Tale End: An Exercise In Hope - The Fisherman

Tale End: An Exercise In Hope

Hope-feeds-confidence-especially-when-birds-are-working

There’s nothing like the first cast of the day. The first cast of a season feels especially good too, as you’re brimming with hope for that first savage strike from the waters below.

Hope. That’s a highly under-rated gadget in an angler’s mental tool belt. It’s there every time we go fishing, and hope is such a given that we often overlook it. We all go out fishing in the hope of catching fish, right?

Back when I was a young executive in the fishing tackle industry, I went on local fishing trip with my boss. To this day, I don’t remember where we went or even how many fish we caught, if any. I do remember the boss man saying, “we’re not going to catch any fish.” I thought, why bother going? Of course we’re going to catch fish, and lots of them! That’s when I first learned bosses aren’t right all the time.

Many years later, still in the fishing tackle industry, and many bosses later, I found our CEO letting us in on a secret: all fishermen went fishing solely to catch a big, IGFA World Record fish. I wondered, how are we going to build an ad campaign around that, especially for those who just want to hop on a party boat and catch some seabass for dinner? Thankfully that campaign didn’t last too long. Neither did the CEO. I guess the lesson we all learned is that the reasons we fish are as varied as the fishermen we meet on those party boat trips.

The common reasons we go fishing – whether it’s for recreation, food, camaraderie, competition or refreshing the soul – often morph into what makes a fisherman tick. And the cream that always rises to the top is optimism. Fishermen are natural optimists; how else can you explain that a wild, migrating striped bass, with all of its instincts, feeding and survival skills, will inhale an 8-inch flutter spoon in 40 feet of water, and connect with the treble hooks to boot?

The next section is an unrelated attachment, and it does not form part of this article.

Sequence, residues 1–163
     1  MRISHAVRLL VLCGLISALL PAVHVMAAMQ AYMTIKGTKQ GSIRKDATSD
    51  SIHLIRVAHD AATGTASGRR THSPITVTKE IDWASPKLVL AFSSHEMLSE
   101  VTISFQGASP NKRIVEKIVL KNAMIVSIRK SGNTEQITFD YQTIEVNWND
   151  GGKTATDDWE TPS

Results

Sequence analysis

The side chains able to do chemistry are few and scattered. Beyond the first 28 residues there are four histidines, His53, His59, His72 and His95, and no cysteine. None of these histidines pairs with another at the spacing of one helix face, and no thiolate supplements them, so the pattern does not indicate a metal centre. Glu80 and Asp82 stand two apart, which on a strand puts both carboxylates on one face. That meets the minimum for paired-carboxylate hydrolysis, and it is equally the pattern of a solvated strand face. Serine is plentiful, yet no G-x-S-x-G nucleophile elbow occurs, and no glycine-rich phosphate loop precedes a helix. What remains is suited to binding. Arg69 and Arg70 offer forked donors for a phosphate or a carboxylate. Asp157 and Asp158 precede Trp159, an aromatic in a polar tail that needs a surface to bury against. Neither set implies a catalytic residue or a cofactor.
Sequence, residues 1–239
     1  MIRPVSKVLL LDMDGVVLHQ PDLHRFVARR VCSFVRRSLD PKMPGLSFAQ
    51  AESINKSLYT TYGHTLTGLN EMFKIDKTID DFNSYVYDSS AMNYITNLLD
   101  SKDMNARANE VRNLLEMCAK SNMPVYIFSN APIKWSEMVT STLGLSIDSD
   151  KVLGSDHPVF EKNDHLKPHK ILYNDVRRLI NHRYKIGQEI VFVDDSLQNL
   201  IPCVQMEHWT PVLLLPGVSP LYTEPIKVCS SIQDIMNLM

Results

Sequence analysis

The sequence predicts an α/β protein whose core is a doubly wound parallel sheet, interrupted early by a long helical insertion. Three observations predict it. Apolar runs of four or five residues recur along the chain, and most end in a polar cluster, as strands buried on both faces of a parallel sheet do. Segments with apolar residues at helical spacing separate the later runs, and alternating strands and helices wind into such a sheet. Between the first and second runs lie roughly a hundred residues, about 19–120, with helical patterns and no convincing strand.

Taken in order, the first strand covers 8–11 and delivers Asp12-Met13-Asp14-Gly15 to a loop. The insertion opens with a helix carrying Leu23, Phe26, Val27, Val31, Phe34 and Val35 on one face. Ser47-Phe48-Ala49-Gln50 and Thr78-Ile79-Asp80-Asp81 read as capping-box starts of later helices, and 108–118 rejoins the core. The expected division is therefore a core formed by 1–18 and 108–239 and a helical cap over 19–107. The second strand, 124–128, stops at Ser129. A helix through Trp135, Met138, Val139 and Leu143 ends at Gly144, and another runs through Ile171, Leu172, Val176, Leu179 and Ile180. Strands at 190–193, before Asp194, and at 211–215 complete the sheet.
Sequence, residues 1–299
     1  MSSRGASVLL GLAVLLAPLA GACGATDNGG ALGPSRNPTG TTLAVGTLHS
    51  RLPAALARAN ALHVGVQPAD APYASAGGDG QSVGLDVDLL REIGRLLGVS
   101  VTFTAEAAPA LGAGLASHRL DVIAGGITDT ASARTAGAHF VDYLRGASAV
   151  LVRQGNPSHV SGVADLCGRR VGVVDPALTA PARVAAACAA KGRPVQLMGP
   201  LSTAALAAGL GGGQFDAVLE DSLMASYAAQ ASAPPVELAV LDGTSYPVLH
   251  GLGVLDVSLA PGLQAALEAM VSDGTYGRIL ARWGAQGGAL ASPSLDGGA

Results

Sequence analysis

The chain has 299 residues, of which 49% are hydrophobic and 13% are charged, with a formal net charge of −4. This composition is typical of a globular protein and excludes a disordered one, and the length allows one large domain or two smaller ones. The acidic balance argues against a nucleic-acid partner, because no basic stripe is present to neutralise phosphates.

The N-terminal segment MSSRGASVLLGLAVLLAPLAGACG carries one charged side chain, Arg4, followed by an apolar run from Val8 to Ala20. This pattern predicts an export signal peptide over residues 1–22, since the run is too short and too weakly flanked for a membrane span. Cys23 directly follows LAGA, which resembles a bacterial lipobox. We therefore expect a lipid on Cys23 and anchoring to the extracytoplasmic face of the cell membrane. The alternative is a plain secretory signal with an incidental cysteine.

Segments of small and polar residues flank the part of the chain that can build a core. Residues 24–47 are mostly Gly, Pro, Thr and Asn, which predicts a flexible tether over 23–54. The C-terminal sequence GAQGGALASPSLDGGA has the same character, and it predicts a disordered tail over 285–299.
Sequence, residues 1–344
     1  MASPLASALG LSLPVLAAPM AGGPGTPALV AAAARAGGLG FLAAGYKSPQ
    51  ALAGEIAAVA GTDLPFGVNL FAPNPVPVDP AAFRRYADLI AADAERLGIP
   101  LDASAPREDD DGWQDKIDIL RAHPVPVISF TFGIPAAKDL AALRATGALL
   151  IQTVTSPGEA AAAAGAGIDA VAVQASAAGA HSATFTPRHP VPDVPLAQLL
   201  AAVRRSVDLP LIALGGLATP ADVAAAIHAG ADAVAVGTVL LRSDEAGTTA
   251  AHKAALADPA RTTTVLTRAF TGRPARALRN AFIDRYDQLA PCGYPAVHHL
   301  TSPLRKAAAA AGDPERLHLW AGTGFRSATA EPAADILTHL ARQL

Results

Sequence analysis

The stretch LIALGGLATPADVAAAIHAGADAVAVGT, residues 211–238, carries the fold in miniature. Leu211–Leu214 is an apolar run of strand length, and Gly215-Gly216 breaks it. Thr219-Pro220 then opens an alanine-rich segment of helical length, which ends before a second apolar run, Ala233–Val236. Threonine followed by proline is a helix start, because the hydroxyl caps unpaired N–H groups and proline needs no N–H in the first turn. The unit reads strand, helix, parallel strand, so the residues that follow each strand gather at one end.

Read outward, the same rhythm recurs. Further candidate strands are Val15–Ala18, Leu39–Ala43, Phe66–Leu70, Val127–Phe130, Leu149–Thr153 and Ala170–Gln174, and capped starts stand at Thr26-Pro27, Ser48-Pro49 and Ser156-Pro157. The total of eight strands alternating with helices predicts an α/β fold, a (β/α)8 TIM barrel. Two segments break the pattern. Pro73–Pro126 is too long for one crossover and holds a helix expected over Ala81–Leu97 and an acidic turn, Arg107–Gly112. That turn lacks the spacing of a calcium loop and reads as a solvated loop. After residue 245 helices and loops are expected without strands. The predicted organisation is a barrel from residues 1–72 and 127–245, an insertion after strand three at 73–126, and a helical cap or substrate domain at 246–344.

A fisherman’s natural optimism primes the wellspring of hope; a hope that the next cast, the freshest, slimiest bunker chunk, or that newest soft bait, will get the quarry to strike. And hope breeds confidence, which all anglers desperately need. You’ve researched the fishery, mastered the correct knots, and have spent your hard-earned money on that high-priced reel.  You’ve done your homework – which was fun, by the way – but now you’re going to catch a fish on that next cast!

Sometimes, when I’ve been at it for a while, fishing, tired, and not catching, I feel the boogeyman of pessimism creeping in. And pessimism is bad juju when you’re fishing. I honestly believe those negative vibes transfer right down the line to your bait. So I chase away the boogeyman, re-boot my attitude and try some different spot, bait or technique. Maybe drift my fluke rig off the starboard instead of the usual port side of my little Whaler. Maybe I’ll catch fish, maybe I won’t, but there’s an old saying, “the pessimist may be right in the end, but the optimist has more fun along the way.” That kind of thinking makes every fishing trip a success.

Like any sport, fishing is as much a mental game as it is a physical one. Every time you lower the jig, every time you set your trolling spread just right, every cast is an exercise in hope. Keep those hope fires burning bright. Even on your last cast of the day.

One of my favorite movies, The Shawshank Redemption, is all about hope. Fishing is well represented too. New prisoners arriving are called fresh fish, and one inmate is pretending to reel them in. Protagonist Andy Dufresne has the hope of escaping prison, and starting a fishing charter business. A relatable and admirable goal. Toward the end of the movie, Dufresne rises out of a muddy swollen creek like a hatchery trout on opening day.

He turns his jaded friend, “Red” Redding, from the dark hopelessness and pessimism of the prison into the bright sunshine of hope and freedom. “Hope is a good thing, maybe the best of things,” Dufresne says, “and no good thing ever dies.” Sounds a lot like fishing.

Red speaks the last words in this great cult movie, saying “I hope the (ocean) is as blue as it been in my dreams. I hope.”

Again, that sounds a lot like fishing.

The author worked as the Advertising & Public Relations Director for Penn Fishing Tackle for 25 years.

Related

Tale End: One Fluid Formation

Tale End: The Lost Ark

tale-end

Tale End: Old Fly Rods